60 bbls. Sugar.
For sale low by STENHOUSE A CO.,
October 4 Nos. lOd, 110 and 112 Eaat Bay.
DISSOLUTION OF COPARTNERSHIP.
rE COPARTNERSHIP HERETOFORE EXISTING
unoer the name and style of CATHCART, MCMIL?
LAN A MORTON, is thia day dissolved by mutual con?
sent, Mr. G. R. CATHCART .having retired from the
same. All persons indebted to tho late firm will make
immediato payment to J. W. MCMILLAN, on behalf ot
the undersigned, who will continue the business under
tue name and style of MCMILLAN A MORTON.
AU claims against the late firm must be presented at
the Office ot the CHIBLESTON DAIM NEWS for paym mt.
JAS. w. MCMILLAN
October!, 1867. o.tjber I
ISAAC MIX & SON,
No. 598 BROADWAY,
MANUFACTURERS AND DF.ALLM5S IN
OF EVERY DESCRIPTION, WHICH WILL BE SOLD
less than at ?uy other es.ablishmeut lu the city,
and warranted equal to any made tu the United State?. '
?jr Descriptive catalogues ?eui on application
August 80 iiiiw
FIRE AND MARINE MM
AMOUNT OK CAPITAL., OXK MILLION
AMOUNT OF NETT ASSET TS, AS PEE ATTESTED
STATEMENT OF JULY 1ST. 1867, $1,135,565 19.
SEOURITY BY STATE LAW. TWO MILLION
FIRE AND MARINE RISKS TAKEN IN THE ABOVE
RESPONSIBLE COMPANY BY
S. Y. TUPPER, Agent,
Planters sad Mechanics' Bank Building, East Bay.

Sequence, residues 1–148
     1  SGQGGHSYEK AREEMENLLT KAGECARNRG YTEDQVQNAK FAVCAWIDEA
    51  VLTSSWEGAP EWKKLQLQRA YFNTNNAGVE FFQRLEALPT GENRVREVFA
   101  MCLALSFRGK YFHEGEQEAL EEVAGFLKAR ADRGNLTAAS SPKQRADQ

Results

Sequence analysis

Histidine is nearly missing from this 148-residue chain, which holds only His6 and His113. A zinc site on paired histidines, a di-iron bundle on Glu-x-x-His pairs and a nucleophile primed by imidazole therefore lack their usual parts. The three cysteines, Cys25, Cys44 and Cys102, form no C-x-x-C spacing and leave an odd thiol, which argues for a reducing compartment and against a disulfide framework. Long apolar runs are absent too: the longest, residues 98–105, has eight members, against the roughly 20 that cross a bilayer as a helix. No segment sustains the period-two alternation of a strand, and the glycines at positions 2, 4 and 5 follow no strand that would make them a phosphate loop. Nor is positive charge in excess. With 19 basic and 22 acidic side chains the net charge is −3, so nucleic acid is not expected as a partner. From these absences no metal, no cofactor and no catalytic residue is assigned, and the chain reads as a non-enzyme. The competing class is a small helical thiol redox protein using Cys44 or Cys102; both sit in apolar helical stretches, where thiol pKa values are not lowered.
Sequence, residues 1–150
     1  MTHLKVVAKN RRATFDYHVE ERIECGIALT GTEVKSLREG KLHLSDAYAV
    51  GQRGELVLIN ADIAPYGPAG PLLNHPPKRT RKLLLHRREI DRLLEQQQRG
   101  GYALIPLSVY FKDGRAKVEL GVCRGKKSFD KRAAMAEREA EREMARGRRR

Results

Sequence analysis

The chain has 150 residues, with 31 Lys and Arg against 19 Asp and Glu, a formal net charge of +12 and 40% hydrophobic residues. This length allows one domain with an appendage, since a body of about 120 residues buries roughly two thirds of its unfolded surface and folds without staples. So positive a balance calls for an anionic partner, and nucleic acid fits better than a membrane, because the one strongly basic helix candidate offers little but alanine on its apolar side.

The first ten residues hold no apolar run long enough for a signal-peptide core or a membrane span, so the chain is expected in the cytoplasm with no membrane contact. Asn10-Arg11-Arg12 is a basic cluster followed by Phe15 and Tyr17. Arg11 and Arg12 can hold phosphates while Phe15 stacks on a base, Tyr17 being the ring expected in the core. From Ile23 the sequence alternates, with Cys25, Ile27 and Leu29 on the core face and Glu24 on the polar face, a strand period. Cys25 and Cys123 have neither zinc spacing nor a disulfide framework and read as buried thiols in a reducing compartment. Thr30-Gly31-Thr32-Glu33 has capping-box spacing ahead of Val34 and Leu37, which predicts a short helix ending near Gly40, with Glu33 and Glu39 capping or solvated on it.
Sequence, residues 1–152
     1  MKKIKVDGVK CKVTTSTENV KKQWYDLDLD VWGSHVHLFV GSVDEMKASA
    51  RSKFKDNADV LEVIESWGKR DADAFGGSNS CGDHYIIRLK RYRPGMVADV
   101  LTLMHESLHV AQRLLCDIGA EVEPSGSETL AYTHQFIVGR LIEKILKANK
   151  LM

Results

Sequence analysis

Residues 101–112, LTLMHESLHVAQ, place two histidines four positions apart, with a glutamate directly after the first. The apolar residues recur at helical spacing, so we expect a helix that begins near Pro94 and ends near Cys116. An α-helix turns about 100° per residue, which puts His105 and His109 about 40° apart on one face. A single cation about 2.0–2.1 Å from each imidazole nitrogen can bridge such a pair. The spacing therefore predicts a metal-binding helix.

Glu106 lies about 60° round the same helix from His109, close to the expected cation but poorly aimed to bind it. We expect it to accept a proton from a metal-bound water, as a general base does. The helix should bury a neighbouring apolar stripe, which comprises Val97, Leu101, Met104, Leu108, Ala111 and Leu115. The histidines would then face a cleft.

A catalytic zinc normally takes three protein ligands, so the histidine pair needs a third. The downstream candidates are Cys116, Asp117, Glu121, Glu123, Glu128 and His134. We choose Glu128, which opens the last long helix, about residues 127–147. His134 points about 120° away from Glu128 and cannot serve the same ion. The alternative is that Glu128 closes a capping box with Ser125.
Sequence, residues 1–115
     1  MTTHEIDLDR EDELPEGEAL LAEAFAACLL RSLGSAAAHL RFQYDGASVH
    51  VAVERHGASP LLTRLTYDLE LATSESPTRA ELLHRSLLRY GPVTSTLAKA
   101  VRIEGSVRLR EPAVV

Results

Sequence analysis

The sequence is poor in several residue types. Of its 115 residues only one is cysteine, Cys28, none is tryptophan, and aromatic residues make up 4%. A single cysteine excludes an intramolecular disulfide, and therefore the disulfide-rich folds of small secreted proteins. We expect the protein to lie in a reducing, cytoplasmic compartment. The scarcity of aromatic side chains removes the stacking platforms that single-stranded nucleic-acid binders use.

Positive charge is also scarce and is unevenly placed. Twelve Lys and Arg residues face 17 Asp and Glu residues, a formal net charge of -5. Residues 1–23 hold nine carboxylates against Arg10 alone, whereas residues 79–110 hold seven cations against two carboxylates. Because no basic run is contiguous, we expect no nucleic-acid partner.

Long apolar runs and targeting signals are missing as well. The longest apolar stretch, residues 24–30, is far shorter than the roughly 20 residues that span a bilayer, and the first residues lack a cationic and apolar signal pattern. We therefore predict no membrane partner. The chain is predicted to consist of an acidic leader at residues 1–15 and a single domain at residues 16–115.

october IC 1
RONDS. STOCKS, COUPONS, ?ND
rlE ABOVE BOUGHT AT HIGHEST MARKET
rates, by ANDRREW M. MORELAND.
Broker, No. * Bioad street.
Septembor 20 nnw2rao
STORAGE, THE MOST CENTRAL ANO
convenient in the city, at very reasonable prices,
tor COTTON, RICK. SALT, FERTILIZERS. Ac, 4c. In
surance, when desired, a. low aa ahv lu toe city. Apply
to GEO. W. CLARK k CO.,
Curlier East Bay and Cumberland streets,
DR. T. RE?NSTJERNA,
Physician and Surgeon,
HAS HIS OFFICE AND RESIDENCE AT NO. 74
HASEL STREET, two dooru East ur lue Po.tofflce.
N. B.-Diseases ot'a prl.aU nature cured with dis
j^tch, * " ?wt?'" October 12
JOHN *fc THEO. (JETTY,
STEAMSHIP AO EN TS,
NO. 48 EAST BAY,
"Will make LIBERAL ADVANCES ON COTTON to om
(Genda in New York ur Liverpool.
Oe lobar H_lmo_
WILDAU ll. RILLILAKD 4 SON,
Real 1-Male Agents, Auctioneers
OFFICE NO. 33 HAYNE STREET.
Renumber !? _
"WILLIS & GHIS01M,
FACTORS, COMMISSION . MUMU,
WI LL ATTEND TO THE PURCHASE, SALE A NU
S III f MENT (to Foreign and Dornest)? y.,rta) ol
COTTON, itl( E. LUMBER AND NAVAL, HT?RES.
ATLANTIC WHARF, Charleston. 9. C.
E. WILLIS.A. R. CU1SOLM
FANCY COOPS, TOYS, ETC,
SANTA jUV HEADQUARTERS.
PARIS FANCY GOODS,
THE UNDERSIGNED BEGS TO INVITE HIS
friends aud the public generally to iuspeut his
beautilul stock ot Fancy Goods, Toys, iv., now opening
at hi. Bazaar, No. 290 King street